Native American Uranium Miners Still Suffer, As Industry Eyes Rebirth

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In These Times

Native American Uranium Miners Still Suffer, As Industry Eyes Rebirth

by
Kari Lydersen

Elsie Mae Begay (bottom second from right) and others at the Indigenous Uranium Forum have testified about the continued effects of uranium mining on their communities. (Photo by Kari Lydersen)

ACOMA,
NEW MEXICO-On the Navajo Nation, almost everyone you talk to either
worked in uranium mines themselves or had fathers or husbands who did.
Almost everyone also has multiple stories of loved ones dying young
from cancer, kidney disease and other ailments attributed to uranium
poisoning.

The
effects aren't limited to uranium miners and millers; whole families
are usually affected as women washed their husbands' contaminated
clothes, kids played amidst mine waste and families even built homes
out of radioactive uranium tailings.

For
years the government has had a program to compensate uranium workers
(and "down-winders" affected by nuclear weapon testing). And the
federal government is slowly cleaning up contaminated land.

But as evidenced at the Indigenous Uranium Forum here
this weekend, the uranium industry that flourished in this region from
the 1940s through 1980s continues to take a heavy toll on workers and
their descendants. (An investigative piece in the LA Times shed light on the situation.)

At
the forum, Navajo, Pueblo and other Native Americans remembered family
members killed by uranium and lamented that most have still not
received any form of compensation, even as many still live on
contaminated land that poses an ongoing health risk.

Government
compensation is limited to people working before 1971. The idea is that
after that date the risks were known and hence the government isn't
responsible for poor working conditions that exposed miners excessively
to the radioactive heavy metal.

In
September, a delegation of grandmothers traveled to Washington D.C. to
lobby legislators for compensation for "post 71" miners and their
dependents.

"People
said you grandmothers can't make it, it's a really long walk," said
Elsie Begay, who grew up in a canyon in Arizona downstream of a uranium
mine. Her father, a miner, died of cancer and she thinks all her
siblings' health is affected by drinking and bathing in contaminated
water from the arroyo that ran by their home. "But we did it. We talked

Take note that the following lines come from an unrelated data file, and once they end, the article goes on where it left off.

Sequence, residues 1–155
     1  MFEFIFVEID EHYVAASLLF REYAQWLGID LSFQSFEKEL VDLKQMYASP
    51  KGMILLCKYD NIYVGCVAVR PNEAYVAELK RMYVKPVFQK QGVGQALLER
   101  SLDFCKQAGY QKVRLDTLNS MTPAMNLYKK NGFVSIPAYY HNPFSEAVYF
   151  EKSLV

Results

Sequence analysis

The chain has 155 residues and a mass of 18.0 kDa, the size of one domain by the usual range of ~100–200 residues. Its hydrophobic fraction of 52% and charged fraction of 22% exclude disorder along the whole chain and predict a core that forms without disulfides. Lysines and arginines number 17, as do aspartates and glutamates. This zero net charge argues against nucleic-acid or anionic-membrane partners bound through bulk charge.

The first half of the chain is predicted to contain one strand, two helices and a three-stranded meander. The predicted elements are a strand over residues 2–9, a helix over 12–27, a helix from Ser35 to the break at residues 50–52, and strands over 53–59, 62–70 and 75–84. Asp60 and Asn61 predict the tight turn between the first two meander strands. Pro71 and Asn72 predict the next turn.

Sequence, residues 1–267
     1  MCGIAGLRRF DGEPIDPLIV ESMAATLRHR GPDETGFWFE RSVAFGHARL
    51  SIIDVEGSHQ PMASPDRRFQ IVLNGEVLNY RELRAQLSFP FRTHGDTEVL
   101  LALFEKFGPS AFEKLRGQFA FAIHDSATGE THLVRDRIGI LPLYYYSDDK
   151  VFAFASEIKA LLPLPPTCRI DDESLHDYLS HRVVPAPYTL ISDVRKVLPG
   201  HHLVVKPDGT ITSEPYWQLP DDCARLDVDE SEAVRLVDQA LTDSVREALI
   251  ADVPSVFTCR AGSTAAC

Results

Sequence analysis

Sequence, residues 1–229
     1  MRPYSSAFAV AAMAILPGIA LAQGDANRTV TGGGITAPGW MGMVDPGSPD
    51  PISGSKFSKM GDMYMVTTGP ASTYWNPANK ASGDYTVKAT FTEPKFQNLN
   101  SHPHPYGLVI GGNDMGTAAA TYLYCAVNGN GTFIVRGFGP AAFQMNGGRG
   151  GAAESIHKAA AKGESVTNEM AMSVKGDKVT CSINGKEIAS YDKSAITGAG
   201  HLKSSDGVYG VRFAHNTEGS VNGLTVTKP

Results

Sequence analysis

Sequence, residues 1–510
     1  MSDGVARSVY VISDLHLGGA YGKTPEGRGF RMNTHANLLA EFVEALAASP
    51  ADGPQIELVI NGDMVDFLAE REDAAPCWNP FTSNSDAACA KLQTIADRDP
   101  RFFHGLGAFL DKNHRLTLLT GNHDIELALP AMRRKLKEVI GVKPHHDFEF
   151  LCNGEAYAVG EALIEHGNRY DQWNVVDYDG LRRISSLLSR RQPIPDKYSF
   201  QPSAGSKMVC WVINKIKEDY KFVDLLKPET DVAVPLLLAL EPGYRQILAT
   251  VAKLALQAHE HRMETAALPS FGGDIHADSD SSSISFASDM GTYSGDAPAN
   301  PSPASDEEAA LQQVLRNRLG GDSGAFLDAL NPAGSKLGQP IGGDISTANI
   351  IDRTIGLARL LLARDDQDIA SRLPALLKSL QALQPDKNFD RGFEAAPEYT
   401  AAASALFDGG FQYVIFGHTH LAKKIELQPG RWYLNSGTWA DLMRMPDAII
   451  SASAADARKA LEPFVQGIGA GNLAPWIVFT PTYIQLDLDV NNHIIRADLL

to those politicians, and they promised to do something so I think they
will."

For
many of the women, it was their first time on a plane, subway or
escalator. They happily described holding up impatient lobbyists and
politicians at government building security checkpoints as they removed
all their turquoise and silver jewelry.

Elsie Mae Begay, no relation to Elsie Begay, has brought much attention to the issue by traveling with the documentary Return of Navajo Boy, produced by Chicago-based Groundswell Films.
It tells the story of her brother John Wayne Cly, who was taken off the
reservation by white missionaries after both parents died of lung
cancer, and his return to his family decades later.

It
also chronicles the painstaking struggle for miners' compensation, and
the tragic catch-22 families like Elsie Mae's are put in knowing their
homes are contaminated but having nowhere else to go.

The
uranium industry nearly stopped in the late 1980s as prices plummeted,
but now many companies are seeking to again mine in the southwest,
anticipating rising prices in the near future. (Uranium hit record
prices in 2007 but then dropped when the recession hit.)

Uranium
company officials say current mining practices are much safer than in
the past, and jobs in the area are badly needed. Most Native Americans
in the uranium belt are intensely opposed to a resurgence in the
industry. (Uranium mining is also being proposed in Alaska, where the
environment and health versus jobs argument in terms of resource
extraction is a defining feature of the state's economy. Proposed mine
sites are near Alaska Native land, and the industry could impact their
traditional fishing and other practices.)

Larry
King is a post-71 miner suffering breathing and other health problems,
but he says he can't get any assistance for expensive tests or
treatment. Meanwhile new mining is proposed near his home, an "in situ"
process where uranium is sucked out of an aquifer, which industry
officials say is much less environmentally disruptive.

King doesn't believe it, and he resents that the company is trying to win support by promising jobs.

"They
are dividing families," he said. "They'll promise you big bucks, but
they will destroy our aquifer and then leave the community to deal with
it."

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